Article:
Rick Rhoden is making more money on celebrity tour than he did as a pitcher

July 08, 1994|By Phil Jackman

The TV Repairman:

What started out as what many thought would be a one-shot deal a couple of years ago, the Celebrity Golf Championship, has hit new heights and is still headed upward.

"And it's no surprise," according to NBC links analyst Johnny Miller, who describes the play as, "truly exciting for its diversity. You can't be sure what you're going to see, be it some, uh, horrible shots, right up to really good golf."

Rick Rhoden, for example, provides a lot of the latter. He won the most recent of the CGA's seven tournaments in Canada a few weeks ago with a 3-over-par 219 (54 holes). He won a tourney in April, too, and is up to about $300,000 in winnings and will probably end up making more than he did as a pitcher.

And, truthfully, can any viewer forget the sight of lovable Detroit Pistons center Bill Laimbeer scoring a what, 14, during the climax of the previous championship?

Other 1994 winners heading into the Isuzu Championship in Lake Tahoe today (Prime Network) with NBC providing the pictures tomorrow (4-6 p.m.) and Sunday (3-6 p.m.) have been actor Jack Wagner ("General Hospital"), ex-Baltimore Bullet Jack Marin and the hockey tandem of Pierre Larouche and Clark Gillies at a better-ball event in Ocean City in May.

Of course, what continues to draw the ever-growing live audiences is the fact that among the 73 tour regulars are 14 Hall of Famers from various sports, 28 current and former NFL quarterbacks and scores of All-Stars and All Pros. Former Orioles who have hit just about all the stops since 1991 are Dave McNally and Bobby Grich.

* The World Cup lineup is thus: Italy vs. Spain at 12:05 p.m. and Netherlands vs. Brazil at 3:35 p.m. tomorrow on ABC (Channel 13 included). . . . Sunday, it's Germany vs. Bulgaria at 12:05 p.m. on ESPN and Romania vs. Sweden at 3:30 p.m. on the network, WJZ absent because of an Orioles game. While seven of the final eight were in the top 10 starting out, Bulgaria is a long shot as No. 29. It was a 40-to-1 shot.

* Billy Packer, college hoops entrepreneur and CBS commentator, had an interesting reaction following the pro hoops playoffs: "The playoffs proved that if the NBA should ever make a move to four-on-four basketball, now is the time to take away all the mugging inside. The most important people in the NBA game are the refs. They are more important than the players and the coaches. Everything depends on their interpretations of the rules."

* An event every male American has probably fantasized about taking part in, the Running of the Bulls in Pamplona, Spain, is going to get coverage on ESPN2 Friday night-Saturday morning at 1:45 a.m. So close your eyes and visualize yourself running alongside Errol Flynn ("The Sun Also Rises") or Billy Crystal ("City Slickers").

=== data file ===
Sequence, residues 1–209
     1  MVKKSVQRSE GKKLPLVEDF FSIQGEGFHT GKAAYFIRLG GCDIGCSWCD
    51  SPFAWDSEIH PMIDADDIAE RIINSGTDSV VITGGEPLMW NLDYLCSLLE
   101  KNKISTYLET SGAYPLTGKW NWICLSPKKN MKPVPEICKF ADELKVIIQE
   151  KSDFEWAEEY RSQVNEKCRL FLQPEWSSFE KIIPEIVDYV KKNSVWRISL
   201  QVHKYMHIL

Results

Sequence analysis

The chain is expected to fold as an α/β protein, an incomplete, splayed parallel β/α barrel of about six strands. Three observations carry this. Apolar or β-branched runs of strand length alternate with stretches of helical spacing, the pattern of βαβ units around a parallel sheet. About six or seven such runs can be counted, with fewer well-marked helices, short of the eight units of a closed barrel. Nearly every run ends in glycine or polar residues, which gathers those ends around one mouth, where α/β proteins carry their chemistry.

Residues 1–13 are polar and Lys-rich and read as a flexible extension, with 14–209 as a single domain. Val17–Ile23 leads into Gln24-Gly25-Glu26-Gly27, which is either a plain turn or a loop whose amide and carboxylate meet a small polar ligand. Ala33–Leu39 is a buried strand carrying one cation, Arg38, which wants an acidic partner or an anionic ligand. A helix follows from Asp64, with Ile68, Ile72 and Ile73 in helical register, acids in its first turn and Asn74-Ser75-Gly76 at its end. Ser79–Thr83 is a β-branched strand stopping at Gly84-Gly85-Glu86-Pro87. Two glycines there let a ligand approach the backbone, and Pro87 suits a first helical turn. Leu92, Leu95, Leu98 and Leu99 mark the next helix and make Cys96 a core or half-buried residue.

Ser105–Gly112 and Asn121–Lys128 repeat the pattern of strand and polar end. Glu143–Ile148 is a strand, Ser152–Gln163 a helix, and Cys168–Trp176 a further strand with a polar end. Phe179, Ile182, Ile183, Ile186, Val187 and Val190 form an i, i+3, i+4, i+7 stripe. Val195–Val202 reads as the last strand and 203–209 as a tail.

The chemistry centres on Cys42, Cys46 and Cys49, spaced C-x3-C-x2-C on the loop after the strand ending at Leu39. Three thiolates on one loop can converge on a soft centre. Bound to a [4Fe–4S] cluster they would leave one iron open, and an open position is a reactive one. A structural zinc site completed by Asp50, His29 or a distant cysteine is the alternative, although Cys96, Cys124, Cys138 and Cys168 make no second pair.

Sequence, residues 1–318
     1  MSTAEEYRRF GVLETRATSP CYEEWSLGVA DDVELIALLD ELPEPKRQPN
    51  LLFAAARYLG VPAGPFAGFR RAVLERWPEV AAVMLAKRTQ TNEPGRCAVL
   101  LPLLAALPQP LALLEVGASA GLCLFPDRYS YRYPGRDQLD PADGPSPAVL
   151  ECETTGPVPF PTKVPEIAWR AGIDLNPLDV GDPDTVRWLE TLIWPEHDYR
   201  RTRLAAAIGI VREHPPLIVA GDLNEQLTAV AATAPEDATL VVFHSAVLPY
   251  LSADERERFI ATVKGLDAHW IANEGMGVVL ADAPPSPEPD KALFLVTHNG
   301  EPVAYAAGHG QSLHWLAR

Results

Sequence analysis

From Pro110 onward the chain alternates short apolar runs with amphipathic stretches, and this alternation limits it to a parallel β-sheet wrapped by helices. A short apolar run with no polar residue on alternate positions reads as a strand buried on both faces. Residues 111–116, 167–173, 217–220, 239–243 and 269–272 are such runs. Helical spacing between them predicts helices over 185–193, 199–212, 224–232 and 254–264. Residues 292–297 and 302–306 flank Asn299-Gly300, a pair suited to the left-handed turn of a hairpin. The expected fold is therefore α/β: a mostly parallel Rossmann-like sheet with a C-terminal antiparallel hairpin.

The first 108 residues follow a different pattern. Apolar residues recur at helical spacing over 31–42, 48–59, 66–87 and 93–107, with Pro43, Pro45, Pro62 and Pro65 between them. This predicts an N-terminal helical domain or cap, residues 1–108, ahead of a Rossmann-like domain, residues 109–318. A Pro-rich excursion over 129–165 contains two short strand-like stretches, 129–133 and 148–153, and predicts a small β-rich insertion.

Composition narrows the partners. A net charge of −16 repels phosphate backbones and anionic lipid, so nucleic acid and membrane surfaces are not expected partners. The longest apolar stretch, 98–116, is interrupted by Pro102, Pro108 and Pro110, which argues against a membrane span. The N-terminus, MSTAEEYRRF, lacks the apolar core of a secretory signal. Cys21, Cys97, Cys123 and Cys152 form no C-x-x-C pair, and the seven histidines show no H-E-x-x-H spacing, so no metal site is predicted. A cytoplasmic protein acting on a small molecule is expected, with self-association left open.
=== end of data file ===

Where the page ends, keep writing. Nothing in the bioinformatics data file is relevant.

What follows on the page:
* One of the segments on CBS's "Eye to Eye" tomorrow (4 p.m.) and Sunday (2 p.m.) will be a piece on broadcaster Tim Ryan's tour through Africa covering efforts to save the rhinoceros and elephant from poachers. At one point, a 3,000-pound rhino is seen charging Ryan, who says, "I had nowhere to go." Like those Saturday-afternoon serials in the 1940s, tune in and see how it all comes out.

* Yes, the operation for which there apparently is a scant market, college football games on pay-per-view, will be part of the ESPN-ABC 12-week grid package this fall.

* In a release touting ESPN's upcoming 15th year in business, columnist George Will is quoted thusly: "If someone surreptitiously [look it up] took everything but ESPN from my cable television package, it might be months before I noticed."

Come on, George, you don't watch CNN, C-Span 1 and 2, Discovery, the Learning Channel, A&E and the rest of those informative and newsworthy shows?

* NBA "Inside Stuff" has a feature on Dream Team II competing in the World Championships in Toronto next month just in case you don't remember who Shaq O'Neal, Derrick Coleman and Joe Dumars are. . . . and playoff star Hakeem Olajuwon will try to get a word in edgewise in an interview with Ahmad Rashad.

* Certainly a "must-see" is ESPN's coverage on SportsCenter (6:30 p.m.) Monday of the workouts of the league all-star teams prior to the big game next Tuesday (NBC). There's usually two blockbuster stories coming out of the practice: Stuff like who the starting pitchers are and what happened the last time the teams squared off in Pittsburgh.

The All-Star Gala, 90 minutes of something or other, follows at 7:30 p.m., then it's the Gatorade Home Run Derby at 9 p.m. and the Upper Deck Heroes of Baseball game at 10 p.m. (taped). Earl Weaver's the manager for the AL squad and you remember how "Spunky" managed in Pittsburgh over the years (1971 and 1979 World Series).

The Jim Thorpe Pro Sports Awards Show plays Monday night (9-11) opposite all the diamond activity on cable, then NBC slides in for actual game coverage from 8-11 p.m. Tuesday.

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